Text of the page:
Skip to main content
Welcome to the cutting edge of safety science—Learn more about our rebrand.
  • Feature Story

Drivers of Innovation: Curiosity Key To Building STEM Diversity

To help mark Black History Month, LaTanya Schwalb explains the importance of curiosity in motivating the next generation of Black engineers.

LaTanya Schwalb poses confidently wearing a white sweater while standing in front of a dark background.

February 12, 2021

From developing the first computer-aided design (CAD) system to inventing an electrical signaling system for railway engineers, Black engineers make a difference every day. As part of Black History Month, UL is celebrating its Black engineers for their significant contributions in securing a safer and more sustainable world.

LaTanya Schwalb, who works in UL's Energy and Industrial Automation division, is one of those engineers. She is at the forefront of innovation, helping to define and measure the performance and safety of large-scale battery energy storage systems, a critical technology for the entire electrical grid. Battery energy storage systems are used to help transition resources from fossil fuels to wind, solar and hydro in order to meet global decarbonization goals. 

"Trust plays a huge role in my work,” Schwalb said. “People rely on the power stored in these systems and communities must be confident that energy storage systems will perform safely as intended within the larger network.”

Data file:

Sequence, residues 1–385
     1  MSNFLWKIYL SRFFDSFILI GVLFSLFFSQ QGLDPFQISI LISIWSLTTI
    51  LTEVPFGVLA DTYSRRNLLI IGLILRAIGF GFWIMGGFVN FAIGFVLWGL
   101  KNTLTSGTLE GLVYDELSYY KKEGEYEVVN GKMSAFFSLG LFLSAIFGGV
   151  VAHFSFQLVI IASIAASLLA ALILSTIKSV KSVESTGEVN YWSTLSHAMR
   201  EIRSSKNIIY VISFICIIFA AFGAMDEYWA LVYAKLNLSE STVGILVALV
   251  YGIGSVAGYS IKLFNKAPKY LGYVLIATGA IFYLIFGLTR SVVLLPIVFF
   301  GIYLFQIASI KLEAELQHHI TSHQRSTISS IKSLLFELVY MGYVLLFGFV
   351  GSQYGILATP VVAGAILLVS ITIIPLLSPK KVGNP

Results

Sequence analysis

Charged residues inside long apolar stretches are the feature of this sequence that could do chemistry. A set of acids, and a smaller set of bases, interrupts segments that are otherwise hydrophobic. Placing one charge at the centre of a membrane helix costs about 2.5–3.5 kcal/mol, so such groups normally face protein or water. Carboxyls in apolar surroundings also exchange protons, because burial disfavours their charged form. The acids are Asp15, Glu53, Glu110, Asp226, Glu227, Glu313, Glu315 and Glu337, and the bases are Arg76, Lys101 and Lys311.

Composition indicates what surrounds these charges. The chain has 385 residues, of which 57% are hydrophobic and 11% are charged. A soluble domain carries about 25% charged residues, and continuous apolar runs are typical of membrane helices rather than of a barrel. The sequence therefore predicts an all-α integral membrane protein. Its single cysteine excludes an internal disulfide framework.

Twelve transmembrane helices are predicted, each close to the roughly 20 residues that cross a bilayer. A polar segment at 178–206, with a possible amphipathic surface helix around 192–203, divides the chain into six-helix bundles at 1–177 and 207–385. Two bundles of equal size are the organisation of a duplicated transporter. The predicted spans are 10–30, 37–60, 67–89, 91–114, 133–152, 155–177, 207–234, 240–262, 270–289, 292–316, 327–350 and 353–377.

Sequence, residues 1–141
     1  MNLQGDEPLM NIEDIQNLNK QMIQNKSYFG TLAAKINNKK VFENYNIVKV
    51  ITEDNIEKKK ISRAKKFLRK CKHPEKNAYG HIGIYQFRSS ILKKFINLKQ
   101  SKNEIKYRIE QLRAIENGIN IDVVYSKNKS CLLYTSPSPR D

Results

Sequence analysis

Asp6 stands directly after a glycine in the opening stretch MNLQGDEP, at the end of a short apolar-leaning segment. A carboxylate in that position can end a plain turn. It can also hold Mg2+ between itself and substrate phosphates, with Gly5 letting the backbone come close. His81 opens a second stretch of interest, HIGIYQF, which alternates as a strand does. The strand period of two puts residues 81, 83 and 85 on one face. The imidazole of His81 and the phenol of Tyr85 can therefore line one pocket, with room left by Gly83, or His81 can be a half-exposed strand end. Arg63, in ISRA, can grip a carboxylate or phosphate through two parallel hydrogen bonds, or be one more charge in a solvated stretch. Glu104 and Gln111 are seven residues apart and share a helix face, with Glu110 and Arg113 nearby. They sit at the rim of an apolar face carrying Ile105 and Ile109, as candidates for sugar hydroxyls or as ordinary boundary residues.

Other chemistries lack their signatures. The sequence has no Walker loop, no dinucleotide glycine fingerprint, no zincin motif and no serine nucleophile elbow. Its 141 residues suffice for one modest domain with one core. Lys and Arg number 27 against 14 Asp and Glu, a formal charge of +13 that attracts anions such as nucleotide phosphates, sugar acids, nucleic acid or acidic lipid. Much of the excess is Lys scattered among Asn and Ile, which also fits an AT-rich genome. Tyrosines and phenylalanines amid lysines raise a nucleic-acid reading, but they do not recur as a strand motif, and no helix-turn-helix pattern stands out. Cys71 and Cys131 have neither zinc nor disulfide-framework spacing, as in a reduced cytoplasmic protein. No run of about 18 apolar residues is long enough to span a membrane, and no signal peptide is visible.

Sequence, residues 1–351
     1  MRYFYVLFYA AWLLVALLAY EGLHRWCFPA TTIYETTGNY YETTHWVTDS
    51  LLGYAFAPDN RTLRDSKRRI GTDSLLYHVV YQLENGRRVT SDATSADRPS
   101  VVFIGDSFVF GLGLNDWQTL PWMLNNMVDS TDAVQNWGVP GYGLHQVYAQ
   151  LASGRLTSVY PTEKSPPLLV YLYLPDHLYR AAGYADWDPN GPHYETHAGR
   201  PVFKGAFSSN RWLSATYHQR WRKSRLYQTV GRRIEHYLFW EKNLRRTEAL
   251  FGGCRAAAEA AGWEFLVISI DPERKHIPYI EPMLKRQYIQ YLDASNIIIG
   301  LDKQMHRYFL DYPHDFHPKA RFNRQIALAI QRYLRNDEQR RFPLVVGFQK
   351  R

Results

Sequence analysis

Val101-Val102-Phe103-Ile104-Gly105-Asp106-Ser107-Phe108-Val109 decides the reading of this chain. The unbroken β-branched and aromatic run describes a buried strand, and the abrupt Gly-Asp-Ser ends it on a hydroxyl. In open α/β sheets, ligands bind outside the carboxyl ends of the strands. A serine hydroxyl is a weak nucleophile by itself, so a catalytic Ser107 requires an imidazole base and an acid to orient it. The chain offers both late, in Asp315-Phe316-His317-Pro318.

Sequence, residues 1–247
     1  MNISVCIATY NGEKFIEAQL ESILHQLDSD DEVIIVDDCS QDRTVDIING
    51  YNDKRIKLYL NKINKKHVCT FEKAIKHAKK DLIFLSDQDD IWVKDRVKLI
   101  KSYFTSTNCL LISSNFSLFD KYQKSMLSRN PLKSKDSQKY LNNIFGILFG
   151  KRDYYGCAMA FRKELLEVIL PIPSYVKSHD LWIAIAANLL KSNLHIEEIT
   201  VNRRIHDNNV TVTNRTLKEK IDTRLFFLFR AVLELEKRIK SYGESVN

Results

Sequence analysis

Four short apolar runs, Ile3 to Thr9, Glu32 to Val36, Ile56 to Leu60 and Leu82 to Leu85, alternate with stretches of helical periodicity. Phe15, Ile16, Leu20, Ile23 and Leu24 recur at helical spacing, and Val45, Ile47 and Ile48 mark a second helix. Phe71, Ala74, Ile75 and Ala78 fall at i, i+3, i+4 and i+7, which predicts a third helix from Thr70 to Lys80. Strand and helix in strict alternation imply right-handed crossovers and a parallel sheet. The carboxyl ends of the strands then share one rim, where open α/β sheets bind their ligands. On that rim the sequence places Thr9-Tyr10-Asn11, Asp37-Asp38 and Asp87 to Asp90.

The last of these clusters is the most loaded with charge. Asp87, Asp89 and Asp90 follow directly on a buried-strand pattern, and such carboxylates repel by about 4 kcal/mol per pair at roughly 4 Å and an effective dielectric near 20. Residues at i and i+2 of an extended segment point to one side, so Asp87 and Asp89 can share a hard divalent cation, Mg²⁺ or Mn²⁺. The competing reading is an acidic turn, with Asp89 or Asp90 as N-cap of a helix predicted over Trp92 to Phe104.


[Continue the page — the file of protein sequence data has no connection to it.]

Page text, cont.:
Having moved to Chicago as a child, Schwalb graduated from Northwestern University in Evanston, Illinois, with a Bachelor of Science degree in electrical engineering. She joined UL’s Consumer Products division in 1998 to work with a wide array of industrial control products.   

When did you know that you wanted to be an engineer?

I was always curious about how things worked. I liked taking things apart and then figuring out how to put them back together. My older brother, who spent his entire career with UL and started as an engineer, used to travel a lot. He fed my curiosity because he'd tell me about all the different products he'd see on his trips. His stories ignited my interest in engineering because I wanted to understand how everything around me worked. 

Were you involved in STEM classes growing up?

My school didn't have too many science-oriented clubs, so I participated more in science fairs. And in high school, I took as many science courses as I could, such as biology, chemistry and physics, plus math, which I enjoyed immensely. I also volunteered my time to tutor lower classmen in math. 

How does your job build trust in products and solutions?

I work in renewable energy on the industrial side, and I'd say that about 60% of the customers I work with are brand new to UL and the world of certification. They've developed this unique product and they want to sell it to a customer or install it at a particular site for energy storage use. And they're looking to UL to provide clear direction on how to navigate the certification process. By working with them, we're building trust with the customer, the product and the solution. Communities rely on us to evaluate those battery systems to see if they will operate safely and as intended.